Opportunities abound. You’re in control of your own destiny. You’re open to risks. When you run down the list of qualifications, you may sound like a pirate, but rest assured, you’re an entrepreneur. Creating and running your own business means treading into unknown waters, and that takes a certain type of fearlessness. As Bill Aulet, managing director for Martin Trust Center for MIT Entrepreneurship put it, “It takes the spirit of a pirate but the discipline of a Navy SEAL.”
Shiver me timbers. Every entrepreneur has an inner pirate ready to break out, but instead of keeping it locked in Davy Jones’ locker, set it loose and take advantage of the hardy spirit.
Break the mold
Pirates, as we like to think of them, are lawless rule breakers who go beyond the confines of the average business. While we aren’t encouraging you to break any laws, there is something to be said about the ability to find unique ways to thrive.
Entrepreneurship requires the gusto and moxie to do things other people can’t or won’t. While others are content to follow the rules, you’re unafraid to throw the rulebook out the window and search for parts unknown – and that’s good. Starting a business is a tough adventure, one that requires a lot of ingenuity and creativity to navigate. Having the ability to break the mold is part of what gives you an edge because you can see opportunities that other people simply can’t. Embrace that part of yourself, and boldly head toward new horizons.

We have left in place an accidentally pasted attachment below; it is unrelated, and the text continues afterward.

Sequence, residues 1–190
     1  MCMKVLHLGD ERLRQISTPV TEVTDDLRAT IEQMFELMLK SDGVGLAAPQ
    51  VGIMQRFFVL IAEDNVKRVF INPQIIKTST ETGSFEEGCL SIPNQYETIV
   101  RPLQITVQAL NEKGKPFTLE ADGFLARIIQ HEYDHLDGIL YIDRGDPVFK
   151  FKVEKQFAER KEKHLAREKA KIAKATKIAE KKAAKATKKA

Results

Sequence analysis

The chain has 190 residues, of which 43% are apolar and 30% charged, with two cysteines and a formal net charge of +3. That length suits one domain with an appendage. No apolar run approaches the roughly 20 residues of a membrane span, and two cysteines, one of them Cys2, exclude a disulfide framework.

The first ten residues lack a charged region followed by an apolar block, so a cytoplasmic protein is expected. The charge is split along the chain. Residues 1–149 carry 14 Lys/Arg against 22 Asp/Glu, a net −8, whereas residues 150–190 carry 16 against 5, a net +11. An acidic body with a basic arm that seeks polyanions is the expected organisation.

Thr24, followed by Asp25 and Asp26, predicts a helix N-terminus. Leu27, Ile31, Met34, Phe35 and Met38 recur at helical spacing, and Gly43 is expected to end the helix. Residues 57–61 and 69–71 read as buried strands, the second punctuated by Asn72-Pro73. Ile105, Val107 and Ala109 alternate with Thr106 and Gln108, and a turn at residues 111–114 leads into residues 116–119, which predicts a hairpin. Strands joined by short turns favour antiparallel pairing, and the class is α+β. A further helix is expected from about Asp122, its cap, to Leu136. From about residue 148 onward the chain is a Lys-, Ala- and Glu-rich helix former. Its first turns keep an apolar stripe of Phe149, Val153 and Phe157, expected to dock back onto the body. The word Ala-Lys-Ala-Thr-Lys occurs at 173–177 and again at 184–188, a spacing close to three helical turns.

Take controlled risks
Going into uncharted territory means dealing with one thing: risk. Any time a pirate or adventurer dares to head off to parts unknown, they have to grapple with the perils that accompany doing something new. Sure you may find treasure on a far flung island, but you also may veer off course and end up coming home empty handed. While we can’t completely eliminate risk, we can make smart decisions that mitigate it.
Learning to navigate through the choppy waters of business can lead to extraordinary rewards. The important thing is to make keen, insightful decisions and keep your business prepared to weather any storm. If you make a leap, make sure you have the tools that will bring you back to step one. A pirate is nothing without his ship, so don’t needlessly risk yours.
You are fearless
Entrepreneurship and piracy require a certain level of fearlessness. And fearlessness means knowing you may fail – but doing it anyway. Oftentimes, failure can be an even more useful tool than success because it offers us a chance to learn.
Johannes Haushofer, an assistant professor of psychology and public affairs at Princeton, created buzz on Twitter last year for posting what he called his “CV of Failures.” It may seem silly, but the important thing to note here is that success is built on failure. And not just one failure – lots of failures.
So, in the words of a wise man here at The ONE Thing: fail often, fail fast, fail forward.